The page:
August 2009
Volume 9, Issue 8
Vision Sciences Society Annual Meeting Abstract  |   August 2009
Tracking objects with moving textures
Author Affiliations
  • Rebecca St.Clair
    Department of Psychology, Vanderbilt University
  • Adriane E. Seiffert
    Department of Psychology, Vanderbilt University
Journal of Vision August 2009, Vol.9, 245. doi:
  • Views
  • Share
  • Tools
    • Alerts
      This feature is available to authenticated users only.
      Sign In or Create an Account ×
    • Get Citation

      Rebecca St.Clair, Adriane E. Seiffert; Tracking objects with moving textures. Journal of Vision 2009;9(8):245.

      Download citation file:

      © ARVO (1962-2015); The Authors (2016-present)

  • Supplements

People can keep track of target objects as they move among identical distractors using only location and motion information. We investigated how observers use motion information to track objects by adding motion to the texture of moving objects. Observers tracked 4 of 10 squares filled with a random-dot texture as they moved at 1.1° per second in a box filled with random-dot texture. The squares did not have borders and the average luminance of each square was the same as the background, so the squares were defined only by motion. The texture within the squares either remained static or moved relative to the square's direction of motion. Across conditions, the texture of each square moved either in the same direction, the opposite direction, or orthogonal to each square's trajectory. When it moved, the speed of the texture also varied by condition such that the relative speed of the texture to the background was always 2.2°/sec. Tracking performance was worse when the texture moved in the opposite direction of the object (58% correct) compared to the orthogonal direction (71%; t(18)[[gt]]4, p[[lt]].05). Tracking was also better when the texture moved in the same direction as the objects (81%) compared to the orthogonal direction (t(18)[[lt]]4, p[[lt]].05) and was no different from the static textures (81%). This suggests that observers may use local motion information to help track targets. Further experiments will examine whether texture motion influences tracking by affecting the perceived velocity or position of the targets.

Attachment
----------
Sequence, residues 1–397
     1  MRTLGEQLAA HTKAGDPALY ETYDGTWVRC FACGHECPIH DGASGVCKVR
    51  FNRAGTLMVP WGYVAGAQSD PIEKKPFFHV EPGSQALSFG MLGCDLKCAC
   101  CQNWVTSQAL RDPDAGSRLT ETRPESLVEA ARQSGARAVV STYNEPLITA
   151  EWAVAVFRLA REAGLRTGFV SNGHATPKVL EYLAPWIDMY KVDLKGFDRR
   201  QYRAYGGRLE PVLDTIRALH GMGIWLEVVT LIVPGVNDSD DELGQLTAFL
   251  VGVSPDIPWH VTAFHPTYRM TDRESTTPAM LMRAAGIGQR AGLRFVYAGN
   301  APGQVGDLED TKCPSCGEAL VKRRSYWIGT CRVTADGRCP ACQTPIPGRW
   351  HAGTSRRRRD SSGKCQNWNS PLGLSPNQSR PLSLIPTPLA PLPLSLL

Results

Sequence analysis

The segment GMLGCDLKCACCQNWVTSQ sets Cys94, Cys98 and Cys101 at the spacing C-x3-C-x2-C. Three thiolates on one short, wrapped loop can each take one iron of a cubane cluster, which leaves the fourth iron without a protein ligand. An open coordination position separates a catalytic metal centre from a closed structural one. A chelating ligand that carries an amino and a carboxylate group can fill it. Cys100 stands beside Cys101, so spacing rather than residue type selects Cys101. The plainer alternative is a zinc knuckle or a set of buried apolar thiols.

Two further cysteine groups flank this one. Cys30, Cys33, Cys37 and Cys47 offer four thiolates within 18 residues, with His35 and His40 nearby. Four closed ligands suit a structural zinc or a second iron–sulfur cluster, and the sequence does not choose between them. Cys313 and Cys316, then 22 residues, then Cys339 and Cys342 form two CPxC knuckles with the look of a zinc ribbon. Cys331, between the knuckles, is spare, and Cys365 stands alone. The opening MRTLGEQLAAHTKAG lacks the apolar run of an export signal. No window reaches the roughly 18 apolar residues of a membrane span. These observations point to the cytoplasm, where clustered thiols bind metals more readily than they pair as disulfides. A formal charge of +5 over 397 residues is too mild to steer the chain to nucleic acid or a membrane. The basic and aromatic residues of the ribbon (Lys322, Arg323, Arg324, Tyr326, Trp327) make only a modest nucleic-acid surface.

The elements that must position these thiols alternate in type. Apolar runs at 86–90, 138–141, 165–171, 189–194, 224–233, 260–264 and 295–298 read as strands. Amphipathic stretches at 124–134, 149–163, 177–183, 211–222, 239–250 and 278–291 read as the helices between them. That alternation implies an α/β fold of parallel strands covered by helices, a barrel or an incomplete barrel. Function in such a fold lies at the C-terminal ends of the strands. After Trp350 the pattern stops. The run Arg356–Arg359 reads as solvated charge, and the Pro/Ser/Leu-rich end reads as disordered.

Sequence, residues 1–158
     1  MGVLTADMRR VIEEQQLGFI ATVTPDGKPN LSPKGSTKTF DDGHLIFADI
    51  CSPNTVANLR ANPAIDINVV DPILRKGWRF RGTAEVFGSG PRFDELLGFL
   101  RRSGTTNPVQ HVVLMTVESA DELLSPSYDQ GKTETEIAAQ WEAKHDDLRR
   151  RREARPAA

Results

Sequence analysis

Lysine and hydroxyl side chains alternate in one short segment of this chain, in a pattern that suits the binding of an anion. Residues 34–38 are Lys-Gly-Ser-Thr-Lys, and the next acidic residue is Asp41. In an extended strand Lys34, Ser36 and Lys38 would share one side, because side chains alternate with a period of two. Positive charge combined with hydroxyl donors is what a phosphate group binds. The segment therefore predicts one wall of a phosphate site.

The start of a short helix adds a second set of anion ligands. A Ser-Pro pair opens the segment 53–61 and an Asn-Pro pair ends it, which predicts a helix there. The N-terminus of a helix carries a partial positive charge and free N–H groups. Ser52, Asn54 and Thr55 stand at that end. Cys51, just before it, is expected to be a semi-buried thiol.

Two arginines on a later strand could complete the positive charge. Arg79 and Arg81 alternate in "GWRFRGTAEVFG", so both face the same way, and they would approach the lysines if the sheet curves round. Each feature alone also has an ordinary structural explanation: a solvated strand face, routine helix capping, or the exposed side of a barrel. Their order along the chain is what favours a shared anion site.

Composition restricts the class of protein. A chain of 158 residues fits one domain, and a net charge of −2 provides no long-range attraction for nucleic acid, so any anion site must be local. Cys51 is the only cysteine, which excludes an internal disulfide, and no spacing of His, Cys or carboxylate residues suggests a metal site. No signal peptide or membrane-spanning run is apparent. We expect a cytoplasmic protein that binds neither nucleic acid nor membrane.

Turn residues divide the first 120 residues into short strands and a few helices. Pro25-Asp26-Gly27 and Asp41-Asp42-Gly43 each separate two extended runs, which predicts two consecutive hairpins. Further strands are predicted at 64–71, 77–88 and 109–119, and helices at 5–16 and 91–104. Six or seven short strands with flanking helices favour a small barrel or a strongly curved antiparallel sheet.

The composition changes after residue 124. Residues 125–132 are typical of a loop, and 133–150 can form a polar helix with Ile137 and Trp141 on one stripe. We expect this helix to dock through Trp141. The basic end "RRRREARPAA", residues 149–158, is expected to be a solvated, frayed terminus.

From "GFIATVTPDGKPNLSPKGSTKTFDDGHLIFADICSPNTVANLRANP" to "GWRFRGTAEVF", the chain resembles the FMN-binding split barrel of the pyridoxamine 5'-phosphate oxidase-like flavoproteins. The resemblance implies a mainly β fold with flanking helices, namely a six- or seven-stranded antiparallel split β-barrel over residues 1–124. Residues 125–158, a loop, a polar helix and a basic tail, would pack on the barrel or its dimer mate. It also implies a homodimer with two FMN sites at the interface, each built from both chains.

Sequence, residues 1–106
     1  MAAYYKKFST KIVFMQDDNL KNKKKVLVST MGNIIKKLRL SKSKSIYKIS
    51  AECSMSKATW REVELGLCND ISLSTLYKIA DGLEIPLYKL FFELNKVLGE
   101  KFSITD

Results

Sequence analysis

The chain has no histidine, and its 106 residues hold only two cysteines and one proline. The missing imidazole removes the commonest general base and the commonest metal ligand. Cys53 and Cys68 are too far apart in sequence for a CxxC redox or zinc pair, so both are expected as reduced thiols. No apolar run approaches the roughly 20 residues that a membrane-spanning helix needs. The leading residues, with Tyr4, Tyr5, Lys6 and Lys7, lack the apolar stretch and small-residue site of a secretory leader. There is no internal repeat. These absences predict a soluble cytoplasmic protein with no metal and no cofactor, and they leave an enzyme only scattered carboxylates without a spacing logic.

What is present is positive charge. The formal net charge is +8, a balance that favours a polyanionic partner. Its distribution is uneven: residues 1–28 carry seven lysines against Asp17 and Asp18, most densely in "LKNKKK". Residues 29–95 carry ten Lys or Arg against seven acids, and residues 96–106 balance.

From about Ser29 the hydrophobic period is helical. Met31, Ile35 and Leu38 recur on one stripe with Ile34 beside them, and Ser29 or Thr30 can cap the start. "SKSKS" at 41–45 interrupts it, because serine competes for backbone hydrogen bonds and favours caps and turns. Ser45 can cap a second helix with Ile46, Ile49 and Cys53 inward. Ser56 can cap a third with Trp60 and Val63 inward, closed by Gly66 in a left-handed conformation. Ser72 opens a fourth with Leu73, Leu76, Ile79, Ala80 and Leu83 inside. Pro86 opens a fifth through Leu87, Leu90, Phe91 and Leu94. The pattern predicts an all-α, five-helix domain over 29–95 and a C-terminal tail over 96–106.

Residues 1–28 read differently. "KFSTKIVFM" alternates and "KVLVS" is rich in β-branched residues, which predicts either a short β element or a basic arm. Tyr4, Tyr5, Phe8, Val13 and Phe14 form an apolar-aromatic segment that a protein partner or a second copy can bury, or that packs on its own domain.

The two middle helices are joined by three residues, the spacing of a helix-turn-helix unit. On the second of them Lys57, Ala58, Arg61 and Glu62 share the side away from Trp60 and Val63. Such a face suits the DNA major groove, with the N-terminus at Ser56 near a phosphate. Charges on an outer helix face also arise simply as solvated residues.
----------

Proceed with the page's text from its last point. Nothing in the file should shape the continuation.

St.Clair, R. Seiffert, A. E. (2009). Tracking objects with moving textures [Abstract]. Journal of Vision, 9(8):245, 245a,, doi:10.1167/9.8.245. [CrossRef]

This PDF is available to Subscribers Only

Sign in or purchase a subscription to access this content. ×

You must be signed into an individual account to use this feature.